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New Jersey Voters Face Election Troubles After Storm


It's ALL THINGS CONSIDERED from NPR News. I'm Lynn Neary.

We heard earlier this hour about some of the complications of voting in New Jersey after last week's storm. Residents were allowed to vote by fax or email, or they could cast their ballot today the old-fashioned way, by heading to the polls.

NPR's Jim Zarroli has been watching the process in the coastal town of Belmar, New Jersey, which suffered a lot of damage. Good to have you with us, Jim.


NEARY: What have you been seeing there?

ZARROLI: Well, I actually was in two places today. I was in the town of Little Ferry, which is in Bergen County just across - closer to New York City. And now I'm in Belmar, which is on the coast, a beach town. Both towns had a lot of flooding and a lot of damage to homes. Both of them had to basically redo the way they voted because of the usual polling places were damaged.

Here in Belmar, they sent everybody to the municipal building, the town hall where I am now. In Little Ferry, they sent them to a middle school.

I think things have gone smoothly. You know, all day there's sort of been a trickle of people showing up, sometimes more than that. I talked to voters in both places. In Belmar, you know, there were a number of people who said, you know, this is just too important an election to miss. I spoke with a guy, a young guy who rode his bike to the polls because, you know, it's so hard to get gas these days. He didn't want to get out - use his car.

I talked to a couple who were living with relatives, really about an hour away. They came back just to vote. So there's a lot of determination to vote.

NEARY: And what about that option of voting by email or fax, are people taking advantage of that?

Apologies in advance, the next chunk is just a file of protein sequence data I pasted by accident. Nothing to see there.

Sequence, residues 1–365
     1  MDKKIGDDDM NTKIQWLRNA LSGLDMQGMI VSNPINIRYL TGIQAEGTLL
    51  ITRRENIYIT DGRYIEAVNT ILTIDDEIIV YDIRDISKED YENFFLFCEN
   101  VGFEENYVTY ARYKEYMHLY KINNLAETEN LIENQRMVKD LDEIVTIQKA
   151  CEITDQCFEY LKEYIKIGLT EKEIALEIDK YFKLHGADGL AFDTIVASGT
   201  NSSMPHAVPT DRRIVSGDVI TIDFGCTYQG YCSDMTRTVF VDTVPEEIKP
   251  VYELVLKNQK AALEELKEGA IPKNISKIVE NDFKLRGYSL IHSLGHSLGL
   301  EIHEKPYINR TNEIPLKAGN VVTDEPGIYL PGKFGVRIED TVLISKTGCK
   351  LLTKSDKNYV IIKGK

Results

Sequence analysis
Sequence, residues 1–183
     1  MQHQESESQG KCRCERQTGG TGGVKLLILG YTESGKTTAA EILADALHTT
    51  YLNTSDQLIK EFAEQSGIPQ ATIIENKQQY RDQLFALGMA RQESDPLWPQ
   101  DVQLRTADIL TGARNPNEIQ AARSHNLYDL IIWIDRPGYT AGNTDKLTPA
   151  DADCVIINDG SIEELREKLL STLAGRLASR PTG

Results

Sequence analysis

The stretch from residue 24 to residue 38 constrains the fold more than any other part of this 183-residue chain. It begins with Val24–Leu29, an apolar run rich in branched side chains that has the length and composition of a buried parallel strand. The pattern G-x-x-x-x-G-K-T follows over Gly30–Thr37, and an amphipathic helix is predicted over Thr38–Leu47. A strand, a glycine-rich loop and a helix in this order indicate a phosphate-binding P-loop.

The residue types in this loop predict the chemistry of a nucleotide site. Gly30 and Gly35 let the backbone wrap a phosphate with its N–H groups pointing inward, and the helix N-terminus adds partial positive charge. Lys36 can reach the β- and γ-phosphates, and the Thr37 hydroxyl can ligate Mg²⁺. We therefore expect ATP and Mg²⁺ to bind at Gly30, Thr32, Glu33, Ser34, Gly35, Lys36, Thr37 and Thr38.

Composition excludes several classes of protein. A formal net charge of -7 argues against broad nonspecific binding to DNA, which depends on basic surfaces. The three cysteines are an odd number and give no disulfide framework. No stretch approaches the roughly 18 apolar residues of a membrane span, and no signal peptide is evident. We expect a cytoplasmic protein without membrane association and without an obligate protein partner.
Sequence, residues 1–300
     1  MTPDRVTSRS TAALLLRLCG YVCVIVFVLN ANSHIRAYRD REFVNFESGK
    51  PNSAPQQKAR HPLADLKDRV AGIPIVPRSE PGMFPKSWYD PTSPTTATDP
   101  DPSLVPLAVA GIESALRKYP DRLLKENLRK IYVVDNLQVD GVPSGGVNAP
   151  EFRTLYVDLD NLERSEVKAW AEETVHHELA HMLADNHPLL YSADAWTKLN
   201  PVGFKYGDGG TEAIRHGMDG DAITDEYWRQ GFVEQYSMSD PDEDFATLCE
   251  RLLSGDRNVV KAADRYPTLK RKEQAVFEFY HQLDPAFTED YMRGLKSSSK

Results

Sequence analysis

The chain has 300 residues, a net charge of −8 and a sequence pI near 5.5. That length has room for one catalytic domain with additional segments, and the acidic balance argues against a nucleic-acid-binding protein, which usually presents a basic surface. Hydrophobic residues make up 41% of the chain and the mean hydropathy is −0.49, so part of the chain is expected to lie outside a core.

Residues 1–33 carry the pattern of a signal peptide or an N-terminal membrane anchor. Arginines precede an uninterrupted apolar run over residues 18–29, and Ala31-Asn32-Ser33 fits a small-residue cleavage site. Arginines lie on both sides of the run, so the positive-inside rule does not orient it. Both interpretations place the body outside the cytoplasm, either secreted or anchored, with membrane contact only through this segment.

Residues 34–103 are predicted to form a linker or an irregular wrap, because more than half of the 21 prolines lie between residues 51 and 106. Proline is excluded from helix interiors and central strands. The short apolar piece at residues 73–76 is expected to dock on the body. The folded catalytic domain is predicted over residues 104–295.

ZARROLI: You know, they're - I believe they are. I think there have been some problems in Essex and Hudson County; there have been reports that servers were down so people couldn't access the system. You know, I've heard people say they sent away for ballots, you know, which were supposed to be emailed to you and then you fill them out and send them back in. But some of them say they've had trouble getting responses. They've asked for them and haven't received them.

And also, people are supposed to email the ballots back and then also send the paper ballots back in. But I'm not sure that everybody fully understands that. So I think there's been, you know, a certain amount of confusion about the process.

NEARY: So, can you assess at this point the effect that the storm might have on voting in New Jersey, whether it's going to affect the number of people who are able to cast their votes or couldn't get to the polls?

ZARROLI: You know, it's hard to say. I mean, I talked to election officials in both towns and they seem think turnout was pretty good, people are showing up. It's hard to say because this is such an atypical election and things are being carried out in a different way. People are going to polling stations that they're not used to.

I mean, Belmar, for instance, where I am now, has been passing out flyers telling people, you know, don't go to here - go here. But, you know, if you're living someplace else, you might not get them. You know, and of course if you don't have power, that also limits your communication. But I think people are doing the best they can here in a difficult situation.

NEARY: NPR's Jim Zarroli. Jim, thanks for being with us

ZARROLI: You're welcome. Transcript provided by NPR, Copyright NPR.

Lynn Neary is an NPR arts correspondent covering books and publishing.
Jim Zarroli is an NPR correspondent based in New York. He covers economics and business news.

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